Our approach, I repeat, is a balanced approach, an approach that does want to protect society. That is exactly what we are doing with this new law. We are also talking about meaningful consequence, accountability—

JusticeOral Question Period

11:35 a.m.

The Speaker

The hon. member for Calgary Northeast.

JusticeOral Question Period

11:35 a.m.

Reform

Art Hanger Reform Calgary Northeast, AB

Mr. Speaker, it was the chairman of the Liberal justice committee who actually pronounced that 10 and 11 years olds should be brought forward as part of the Young Offenders Act, not the Reform Party.

The minister's selection of crimes to suit her purpose is a curious one. She includes aggravated sexual assault, of which there were three in 1996 and 1997, in her list of select crimes, and yet dismisses sexual assaults with a weapon, of which there were 46.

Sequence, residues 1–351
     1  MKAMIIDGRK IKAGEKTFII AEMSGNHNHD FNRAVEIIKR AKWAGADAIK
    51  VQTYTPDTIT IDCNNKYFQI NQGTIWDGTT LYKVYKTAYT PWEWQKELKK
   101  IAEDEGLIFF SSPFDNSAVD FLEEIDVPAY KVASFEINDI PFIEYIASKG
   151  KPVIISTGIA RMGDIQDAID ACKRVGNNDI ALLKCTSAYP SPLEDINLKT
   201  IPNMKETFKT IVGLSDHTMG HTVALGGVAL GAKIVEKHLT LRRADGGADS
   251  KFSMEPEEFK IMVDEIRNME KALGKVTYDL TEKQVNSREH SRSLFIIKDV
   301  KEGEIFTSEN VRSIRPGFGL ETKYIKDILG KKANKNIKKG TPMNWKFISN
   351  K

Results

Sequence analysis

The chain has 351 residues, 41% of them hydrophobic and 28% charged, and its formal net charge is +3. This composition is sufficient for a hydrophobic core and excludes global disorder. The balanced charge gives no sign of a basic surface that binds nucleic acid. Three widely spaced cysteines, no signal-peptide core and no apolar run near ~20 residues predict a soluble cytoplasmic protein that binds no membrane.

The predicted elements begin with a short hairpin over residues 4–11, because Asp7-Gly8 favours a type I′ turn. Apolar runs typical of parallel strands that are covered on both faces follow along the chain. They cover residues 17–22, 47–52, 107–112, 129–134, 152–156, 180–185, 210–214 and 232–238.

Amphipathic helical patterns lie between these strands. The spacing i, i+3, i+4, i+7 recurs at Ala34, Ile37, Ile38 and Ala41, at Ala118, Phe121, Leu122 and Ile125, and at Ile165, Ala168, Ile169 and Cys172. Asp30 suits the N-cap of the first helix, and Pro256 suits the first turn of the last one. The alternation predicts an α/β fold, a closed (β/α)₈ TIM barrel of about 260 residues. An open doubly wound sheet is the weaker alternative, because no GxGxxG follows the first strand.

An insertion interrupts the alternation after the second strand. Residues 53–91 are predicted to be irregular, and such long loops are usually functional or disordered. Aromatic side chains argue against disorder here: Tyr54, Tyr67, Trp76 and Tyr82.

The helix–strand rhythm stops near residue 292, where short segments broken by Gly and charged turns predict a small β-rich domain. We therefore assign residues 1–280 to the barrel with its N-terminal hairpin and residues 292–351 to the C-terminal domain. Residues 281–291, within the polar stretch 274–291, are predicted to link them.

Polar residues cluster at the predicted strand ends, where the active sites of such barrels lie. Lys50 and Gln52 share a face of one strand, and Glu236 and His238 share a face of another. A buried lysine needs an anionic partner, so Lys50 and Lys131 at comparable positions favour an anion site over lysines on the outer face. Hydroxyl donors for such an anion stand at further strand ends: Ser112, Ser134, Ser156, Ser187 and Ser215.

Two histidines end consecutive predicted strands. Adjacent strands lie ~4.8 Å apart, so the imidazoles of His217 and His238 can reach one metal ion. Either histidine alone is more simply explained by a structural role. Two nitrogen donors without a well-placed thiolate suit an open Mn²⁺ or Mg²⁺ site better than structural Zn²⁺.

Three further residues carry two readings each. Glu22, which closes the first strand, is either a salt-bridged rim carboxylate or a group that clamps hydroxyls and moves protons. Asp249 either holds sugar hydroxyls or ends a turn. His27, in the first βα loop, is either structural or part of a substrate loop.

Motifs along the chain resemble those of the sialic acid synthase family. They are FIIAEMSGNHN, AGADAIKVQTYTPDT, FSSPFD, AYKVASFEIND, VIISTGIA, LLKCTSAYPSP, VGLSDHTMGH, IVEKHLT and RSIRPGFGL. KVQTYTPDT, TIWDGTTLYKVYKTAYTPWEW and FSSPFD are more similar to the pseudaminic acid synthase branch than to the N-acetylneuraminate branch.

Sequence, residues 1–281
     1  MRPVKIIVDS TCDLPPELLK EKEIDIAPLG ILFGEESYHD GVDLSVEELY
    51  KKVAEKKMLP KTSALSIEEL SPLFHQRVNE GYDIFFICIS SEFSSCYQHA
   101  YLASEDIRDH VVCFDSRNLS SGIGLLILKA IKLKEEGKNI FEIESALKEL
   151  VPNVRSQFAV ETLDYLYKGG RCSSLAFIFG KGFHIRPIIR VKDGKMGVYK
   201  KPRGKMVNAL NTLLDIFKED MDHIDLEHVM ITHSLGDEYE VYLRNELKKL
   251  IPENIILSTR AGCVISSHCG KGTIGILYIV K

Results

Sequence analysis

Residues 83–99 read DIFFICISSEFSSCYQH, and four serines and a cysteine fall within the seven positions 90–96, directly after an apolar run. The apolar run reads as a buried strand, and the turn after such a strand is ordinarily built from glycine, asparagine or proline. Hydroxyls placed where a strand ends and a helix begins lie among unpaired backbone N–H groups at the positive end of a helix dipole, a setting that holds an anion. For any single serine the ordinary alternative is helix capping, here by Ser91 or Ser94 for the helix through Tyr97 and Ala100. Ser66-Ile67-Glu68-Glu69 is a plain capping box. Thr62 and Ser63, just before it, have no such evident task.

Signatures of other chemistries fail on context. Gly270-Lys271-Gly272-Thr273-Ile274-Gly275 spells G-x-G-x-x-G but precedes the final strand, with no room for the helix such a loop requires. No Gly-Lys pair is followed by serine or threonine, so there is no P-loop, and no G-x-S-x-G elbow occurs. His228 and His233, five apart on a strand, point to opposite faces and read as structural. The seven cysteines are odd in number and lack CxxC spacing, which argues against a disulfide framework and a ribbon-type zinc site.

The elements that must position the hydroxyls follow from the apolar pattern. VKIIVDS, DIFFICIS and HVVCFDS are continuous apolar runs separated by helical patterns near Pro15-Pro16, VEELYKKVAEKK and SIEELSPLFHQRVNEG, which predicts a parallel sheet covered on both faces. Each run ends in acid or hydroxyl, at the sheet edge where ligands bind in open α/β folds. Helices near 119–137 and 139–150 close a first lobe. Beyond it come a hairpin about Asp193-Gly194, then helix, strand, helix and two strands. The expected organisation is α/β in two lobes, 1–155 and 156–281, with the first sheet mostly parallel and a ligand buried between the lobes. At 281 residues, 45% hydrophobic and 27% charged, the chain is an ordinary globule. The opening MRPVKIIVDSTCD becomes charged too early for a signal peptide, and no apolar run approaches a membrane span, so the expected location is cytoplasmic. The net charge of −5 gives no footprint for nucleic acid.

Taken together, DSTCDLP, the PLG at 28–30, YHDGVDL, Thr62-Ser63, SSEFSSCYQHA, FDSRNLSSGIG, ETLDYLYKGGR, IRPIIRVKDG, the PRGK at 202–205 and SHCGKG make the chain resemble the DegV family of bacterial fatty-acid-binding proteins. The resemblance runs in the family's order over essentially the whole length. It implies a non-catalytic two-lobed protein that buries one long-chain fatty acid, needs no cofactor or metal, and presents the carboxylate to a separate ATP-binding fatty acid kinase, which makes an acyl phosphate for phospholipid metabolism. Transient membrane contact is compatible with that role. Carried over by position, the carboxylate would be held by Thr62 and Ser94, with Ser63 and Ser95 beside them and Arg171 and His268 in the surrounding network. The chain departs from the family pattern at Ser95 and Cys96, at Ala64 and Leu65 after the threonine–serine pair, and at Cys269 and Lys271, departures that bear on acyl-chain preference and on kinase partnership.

Why does the minister not think sexual assault with a weapon or armed robbery or hostage taking during a home invasion is a serious crime?

JusticeOral Question Period

11:35 a.m.

Windsor West Ontario

Liberal

Herb Gray LiberalDeputy Prime Minister

Mr. Speaker, the House will have opportunity to go into all these issues in detail.

In the meantime, according to the Edmonton Sun , Chief John Lindsay, president of the Canadian Association of Chiefs of Police, said: “We see some very positive things in this new bill. We honestly think this is a more serious response to more serious and violent crime, and that pleases us”.

There is a statement from somebody who knows what he is talking about. He is the chief of the Edmonton police force in the hon. member's own province. The member ought to listen to this voice of reality, reason and knowledge.